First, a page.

The fast-spreading coronavirus could present a serious setback to China’s economy. The outbreak is likely to reduce steel and scrap prices as demand, labor, production, and logistics are impacted by it.

 

China is taking extensive measures to curtail the outbreak, including extending its Lunar New Year holiday break that will affect employee travel and delay resumption of plants and work-related actions. The Chinese state council has extended the holiday until February 2, but many of the country’s city and state governments have mandated companies to remain closed at least until February 9. 

 

The virus, which was declared to be a global health emergency by the World Health Organization on Thursday, has resulted in 170 fatalities and affected more than 7,700 people in China. 

 

The long-term impact of the epidemic is hard to predict at this early stage, but in the short-term, the outbreak has impacted demand as well as logistics in the steel industry in China, while creating global uncertainty.

 

Impact on domestic steel

The Asian country is a leading global iron ore user, consuming close to 1.5bn mt of iron ore in 2019. However, it took the iron ore index down 8pc on Jan 28, on reports of businesses suspending operations due to the outbreak according to Chinese government reports.

 

Public transportation was suspended in Tangshan, China’s largest steel producing center, on Jan 28, affecting the raw materials sector, leading to reduced steel demand and putting pressure on steel prices.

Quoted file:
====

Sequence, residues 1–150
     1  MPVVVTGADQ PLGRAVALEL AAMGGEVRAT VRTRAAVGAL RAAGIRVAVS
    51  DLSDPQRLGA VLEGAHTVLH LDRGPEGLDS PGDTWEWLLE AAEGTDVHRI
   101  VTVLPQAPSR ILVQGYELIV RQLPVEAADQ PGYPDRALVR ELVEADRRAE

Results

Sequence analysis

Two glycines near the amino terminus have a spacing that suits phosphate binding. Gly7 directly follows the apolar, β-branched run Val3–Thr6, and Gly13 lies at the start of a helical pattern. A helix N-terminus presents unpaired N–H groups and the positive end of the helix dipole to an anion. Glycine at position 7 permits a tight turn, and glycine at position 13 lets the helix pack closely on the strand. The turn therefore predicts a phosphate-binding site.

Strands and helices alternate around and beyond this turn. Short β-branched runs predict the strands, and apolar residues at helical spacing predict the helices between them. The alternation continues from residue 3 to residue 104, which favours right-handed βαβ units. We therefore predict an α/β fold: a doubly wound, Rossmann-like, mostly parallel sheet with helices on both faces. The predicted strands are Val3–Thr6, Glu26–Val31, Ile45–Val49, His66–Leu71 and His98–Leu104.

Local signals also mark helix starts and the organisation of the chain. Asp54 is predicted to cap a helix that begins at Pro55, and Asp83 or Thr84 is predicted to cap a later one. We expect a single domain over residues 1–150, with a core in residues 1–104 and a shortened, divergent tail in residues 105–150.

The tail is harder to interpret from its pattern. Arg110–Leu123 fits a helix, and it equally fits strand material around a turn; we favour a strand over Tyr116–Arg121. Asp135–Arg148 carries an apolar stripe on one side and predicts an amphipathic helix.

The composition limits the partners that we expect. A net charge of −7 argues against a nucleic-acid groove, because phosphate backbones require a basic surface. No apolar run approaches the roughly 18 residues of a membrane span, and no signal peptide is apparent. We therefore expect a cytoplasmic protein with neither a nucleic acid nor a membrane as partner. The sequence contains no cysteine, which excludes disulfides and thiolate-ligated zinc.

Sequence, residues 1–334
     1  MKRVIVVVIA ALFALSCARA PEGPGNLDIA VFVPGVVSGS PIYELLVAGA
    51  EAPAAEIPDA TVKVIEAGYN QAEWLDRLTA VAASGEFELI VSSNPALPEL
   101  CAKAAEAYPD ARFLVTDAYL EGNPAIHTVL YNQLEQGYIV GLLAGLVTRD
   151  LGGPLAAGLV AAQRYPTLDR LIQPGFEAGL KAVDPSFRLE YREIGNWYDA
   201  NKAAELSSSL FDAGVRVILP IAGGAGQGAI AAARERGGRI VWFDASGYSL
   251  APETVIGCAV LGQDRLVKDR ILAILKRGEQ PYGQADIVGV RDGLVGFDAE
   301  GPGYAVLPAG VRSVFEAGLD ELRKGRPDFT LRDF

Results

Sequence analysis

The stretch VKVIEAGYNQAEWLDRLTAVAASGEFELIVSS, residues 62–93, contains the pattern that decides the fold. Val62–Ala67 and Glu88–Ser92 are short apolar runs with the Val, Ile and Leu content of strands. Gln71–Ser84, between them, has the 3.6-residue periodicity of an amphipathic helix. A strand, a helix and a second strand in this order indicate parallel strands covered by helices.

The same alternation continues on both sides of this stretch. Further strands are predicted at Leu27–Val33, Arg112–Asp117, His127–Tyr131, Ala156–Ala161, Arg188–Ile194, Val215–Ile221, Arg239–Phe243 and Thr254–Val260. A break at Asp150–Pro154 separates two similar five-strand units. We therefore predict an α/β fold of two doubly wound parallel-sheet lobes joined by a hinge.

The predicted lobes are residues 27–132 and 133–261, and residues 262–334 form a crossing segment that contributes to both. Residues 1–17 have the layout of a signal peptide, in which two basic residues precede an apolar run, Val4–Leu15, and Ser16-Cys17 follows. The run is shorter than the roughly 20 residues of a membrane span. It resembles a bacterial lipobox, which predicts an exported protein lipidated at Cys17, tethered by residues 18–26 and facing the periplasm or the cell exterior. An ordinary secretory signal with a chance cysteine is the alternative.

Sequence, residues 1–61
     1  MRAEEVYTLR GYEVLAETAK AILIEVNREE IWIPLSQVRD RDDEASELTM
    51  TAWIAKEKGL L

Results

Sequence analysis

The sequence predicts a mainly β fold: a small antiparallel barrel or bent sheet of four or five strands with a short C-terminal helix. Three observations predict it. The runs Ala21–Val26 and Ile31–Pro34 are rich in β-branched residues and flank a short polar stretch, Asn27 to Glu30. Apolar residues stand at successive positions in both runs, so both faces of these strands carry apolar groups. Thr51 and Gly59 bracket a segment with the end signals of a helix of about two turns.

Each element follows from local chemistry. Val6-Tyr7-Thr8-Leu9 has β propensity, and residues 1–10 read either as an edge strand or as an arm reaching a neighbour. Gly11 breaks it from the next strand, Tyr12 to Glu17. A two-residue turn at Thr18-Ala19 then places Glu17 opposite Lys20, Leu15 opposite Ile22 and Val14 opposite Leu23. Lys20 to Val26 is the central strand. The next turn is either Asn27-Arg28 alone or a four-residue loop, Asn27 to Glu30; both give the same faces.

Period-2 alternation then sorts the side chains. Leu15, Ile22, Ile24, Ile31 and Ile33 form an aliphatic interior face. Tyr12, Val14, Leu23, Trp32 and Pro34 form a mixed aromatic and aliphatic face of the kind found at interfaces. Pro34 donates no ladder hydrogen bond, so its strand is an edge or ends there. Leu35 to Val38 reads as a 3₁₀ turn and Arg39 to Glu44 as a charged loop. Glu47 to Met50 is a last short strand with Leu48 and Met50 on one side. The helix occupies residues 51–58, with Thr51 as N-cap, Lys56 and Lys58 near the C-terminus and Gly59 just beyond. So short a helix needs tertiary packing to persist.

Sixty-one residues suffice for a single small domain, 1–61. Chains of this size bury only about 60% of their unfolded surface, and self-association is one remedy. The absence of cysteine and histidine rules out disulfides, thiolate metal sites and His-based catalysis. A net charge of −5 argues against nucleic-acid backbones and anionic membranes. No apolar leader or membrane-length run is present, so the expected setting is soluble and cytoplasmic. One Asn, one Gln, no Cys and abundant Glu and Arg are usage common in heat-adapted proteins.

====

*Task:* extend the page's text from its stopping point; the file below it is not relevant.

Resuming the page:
Impact on global steel

China has also offered force majeure protection to local steel businesses that are unable to meet global contractual duties due to the coronavirus, according to a Jan 30 statement by the China Council for the Promotion of International Trade. Force majeure requirements can differ based on how they were drafted contractually by the parties, but they may cover events such as the current outbreak, based on how it impacts suppliers, customers and end consumers. 

 

Companies affected should refer to the force majeure provisions in their contracts to determine whether they should be applied. 

 

The short term drop in Chinese steel production and demand related to the outbreak, could result in higher steel production elsewhere leading to high inventories, which, in turn, will lower steel prices globally.

 

Market participants who spoke with Davis Index are also uncertain on how the virus may impact the US steel trade at this time.

 

Market participants believe, steel demand could fall temporarily but a likely stimulus by the Chinese government in H2 could offset the short-term impact of the virus and lift demand. Thus, a reduction in output may not be as damaging in the long-term, due to costs involved in reducing supply.

 

China, a leading global steelmaker, generated almost 1bn mt of crude steel in 2019, an increase of 8.3pc compared to 2018 and accounted for 53.3pc of global output. The upward trend is projected to continue in 2020 and reach 1.03bn mt, not counting temporary setbacks that may result from the virus. 

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